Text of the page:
… are flowering in ‘New England’, the veggie garden right now. And with the recent addition of the birdbath, the creation of this section of the garden is now finished.
Here’s the view straight on:
And a close-up too:
To see the development of this garden over time, click here and scroll down.
This plant was shared with me by a friend in Calgary. I love it so much it was one of the plants I brought with me when I moved. The delicate, airiness of the flowers is just. so. pretty. and as if that’s not enough, the red stems and seedheads will add interest for the rest of the year. This is definitely on my favourites list! And it even goes perfectly with the brick background, n’est-ce pas?
After a busy gardening week-end, I’m too tired to write much but here’s a quick look at the orchard garden (north-west corner, above). What’s here? Left to right-ish: a purple bugbane, coral bells ‘Red Sea’, variegated Solomon’s seal, 3 deschampsia cespitosa ‘Goldtau’; Evans cherry tree, 5 sedum ‘Autumn Joy’, 3 spirea ‘Dakota Goldcharm’, haskap ‘Aurora Borealis’, green onions, and rhubarb.
South-west corner, above: Veronica ‘Aztec Gold’, 3 sedum ‘Matrona’, coral bells, 3 deschampsia Cespitosa ‘Goldtau’, dwarf cedar ‘Hetz Midget’, Evans cherry tree, 2 bergenia, 2 Boman’s root, Lady’s Mantle.
To see how this garden has developed, click here and scroll down.
Digging up grass is hard work so I am planting as I go. It really doesn’t make sense to do it this way except that I like to see things in place as soon as possible so I can decide what else I want to plant here. And I’m impatient. I always seem to buy stuff before I have the space ready to plant it in. I’m not saying you should do what I do. I don’t recommend it at all.
But this is my favourite part of gardening – the creating! Here’s the view from a little further back (below). My goal is to get the areas around the two cherry trees fully planted by the end of May.
If you’d like to see progress on this garden over time, click here and scroll down.
I’ve been planning this new garden all winter and can’t wait to get started! I planned the major stuff back in December which included a circular design for the lawn and an Evans cherry tree to anchor this corner. But otherwise, it is fun to play. I picked up these three spiraea shrubs (‘Dakota Goldcharm’) for another spot in the garden, but suddenly realized they would give me more bang for my buck here, because their shot of colour will be seen from the kitchen window. The dwarf cedar (‘Hetz Midget’) will add some winter colour. The rest of the area will get filled in with perennials… I’m not sure what yet besides my Mom’s bee balm. But first…. digging!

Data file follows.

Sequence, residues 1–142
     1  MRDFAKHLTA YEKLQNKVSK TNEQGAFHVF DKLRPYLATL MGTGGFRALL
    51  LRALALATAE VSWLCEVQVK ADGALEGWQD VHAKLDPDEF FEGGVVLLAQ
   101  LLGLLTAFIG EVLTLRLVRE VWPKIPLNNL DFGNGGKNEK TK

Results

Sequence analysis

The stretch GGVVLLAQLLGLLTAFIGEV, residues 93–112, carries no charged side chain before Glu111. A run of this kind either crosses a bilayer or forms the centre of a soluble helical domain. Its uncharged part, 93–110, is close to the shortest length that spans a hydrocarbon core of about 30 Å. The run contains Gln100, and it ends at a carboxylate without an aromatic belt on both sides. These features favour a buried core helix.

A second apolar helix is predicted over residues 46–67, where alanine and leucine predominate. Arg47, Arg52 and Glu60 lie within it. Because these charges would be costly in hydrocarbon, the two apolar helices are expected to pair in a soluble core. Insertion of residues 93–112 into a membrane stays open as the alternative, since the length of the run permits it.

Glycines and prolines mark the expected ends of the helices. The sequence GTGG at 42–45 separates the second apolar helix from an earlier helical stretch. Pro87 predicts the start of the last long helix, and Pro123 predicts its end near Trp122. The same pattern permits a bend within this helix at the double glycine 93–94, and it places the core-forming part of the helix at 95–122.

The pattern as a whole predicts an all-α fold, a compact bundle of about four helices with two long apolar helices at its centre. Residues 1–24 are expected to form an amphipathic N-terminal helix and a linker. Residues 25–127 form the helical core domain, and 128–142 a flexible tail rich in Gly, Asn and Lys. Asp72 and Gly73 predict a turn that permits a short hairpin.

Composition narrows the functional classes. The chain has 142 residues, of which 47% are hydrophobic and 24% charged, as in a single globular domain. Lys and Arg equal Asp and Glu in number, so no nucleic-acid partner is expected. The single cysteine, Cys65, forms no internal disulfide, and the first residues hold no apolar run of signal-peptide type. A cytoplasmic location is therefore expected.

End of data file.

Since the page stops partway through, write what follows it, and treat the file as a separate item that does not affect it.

I’m thrilled to have 2 apple trees in my new-to-me backyard. However, the big one was overgrown and the little one has a big pruning wound on it and needs some TLC. Although I know the basics of tree pruning, I thought it would be worthwhile to call in some professionals for this first year. Here’s the before and after (left and right), for the record, so that I can do it myself in some years (note to self to call in the professionals every 2 to 3 years). You’ll notice the big one is quite opened up compared to before, and they didn’t take much off the little one because it needs its leaves to try to recover:
OK it’s a little hard to see with my neighbour’s trees in the background! How about this:
Better? You can see more sky between branches in the ‘after’ pictures on the right, right?
Want to know more? Here’s a recent video on tree pruning.
A few tree pruning tips I’ve gleaned from it and other sources:
- it’s time to prune apple trees! (roses in a couple more weeks)
- prune spring-flowering trees and shrubs like lilacs and cherries after they flower
- get rid of branches that grow straight up and those that cross over each other -> aim for an open, vase-shaped tree that has space between branches
- prune from the bottom up with hand pruners or loppers, just outside the collar where the branch connects to the tree
- don’t use paint or pruning sealers at this time of year! Balsam is good.
- clean tools with a wire brush and rubbing alcohol
Here’s hoping for lots of apples in the fall!
The boring lawn in the middle of my backyard is going to radically change next year. The gnarly old lilacs, planted way too close to the garage, have already been chopped down, and 2 Evans Cherry trees will take their place. There are already 2 apple trees on the other side of the backyard (which can’t be seen in the above photo) – hence the name “Orchard Garden” for this area of the yard.
I really like my lawn to have a defined, intentional shape, rather than simply extend to the fence and pathways as if the designer just gave up and couldn’t think of anything else to do. In this yard we will cut the lawn and ornamental gardens into the shapes of overlapping circles. I chose to use this design theme in order to satisfy our need for trampoline space (it is “tucked away” as much as a 12 foot trampoline can be!) as well as to work with the existing apple trees, cedar tree and rose bush on the east side of the pie-shaped yard:
The north-south axis of the lawn will align with the axis of the vegetable garden at the back of the yard (shed and lilac stumps, below, to be removed in spring). It was beautiful out today so I did what any garden-obsessed person would do – go outside and shovel the design into the backyard snow in order to better visualize my future creation, of course!
That’s a totally normal thing to do on a beautiful December day…. right?
Here’s the long axis of my old backyard in Calgary: